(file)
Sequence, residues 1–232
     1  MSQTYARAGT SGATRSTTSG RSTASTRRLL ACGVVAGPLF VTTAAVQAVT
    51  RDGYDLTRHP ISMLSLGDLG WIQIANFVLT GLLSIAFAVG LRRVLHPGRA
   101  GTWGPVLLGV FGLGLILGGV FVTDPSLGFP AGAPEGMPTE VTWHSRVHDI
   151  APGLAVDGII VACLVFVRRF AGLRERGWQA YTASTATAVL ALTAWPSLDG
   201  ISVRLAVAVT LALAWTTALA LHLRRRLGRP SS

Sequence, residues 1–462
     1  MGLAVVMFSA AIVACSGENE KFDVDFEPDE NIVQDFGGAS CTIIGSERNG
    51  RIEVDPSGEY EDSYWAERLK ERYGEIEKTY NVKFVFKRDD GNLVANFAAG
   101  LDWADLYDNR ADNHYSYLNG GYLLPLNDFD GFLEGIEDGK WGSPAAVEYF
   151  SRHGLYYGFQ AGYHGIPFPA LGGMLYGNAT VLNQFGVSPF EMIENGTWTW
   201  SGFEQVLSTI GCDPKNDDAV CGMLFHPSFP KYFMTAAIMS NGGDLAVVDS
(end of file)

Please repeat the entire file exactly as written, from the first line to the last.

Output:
Sequence, residues 1–232
     1  MSQTYARAGT SGATRSTTSG RSTASTRRLL ACGVVAGPLF VTTAAVQAVT
    51  RDGYDLTRHP ISMLSLGDLG WIQIANFVLT GLLSIAFAVG LRRVLHPGRA
   101  GTWGPVLLGV FGLGLILGGV FVTDPSLGFP AGAPEGMPTE VTWHSRVHDI
   151  APGLAVDGII VACLVFVRRF AGLRERGWQA YTASTATAVL ALTAWPSLDG
   201  ISVRLAVAVT LALAWTTALA LHLRRRLGRP SS

Sequence, residues 1–462
     1  MGLAVVMFSA AIVACSGENE KFDVDFEPDE NIVQDFGGAS CTIIGSERNG
    51  RIEVDPSGEY EDSYWAERLK ERYGEIEKTY NVKFVFKRDD GNLVANFAAG
   101  LDWADLYDNR ADNHYSYLNG GYLLPLNDFD GFLEGIEDGK WGSPAAVEYF
   151  SRHGLYYGFQ AGYHGIPFPA LGGMLYGNAT VLNQFGVSPF EMIENGTWTW
   201  SGFEQVLSTI GCDPKNDDAV CGMLFHPSFP KYFMTAAIMS NGGDLAVVDS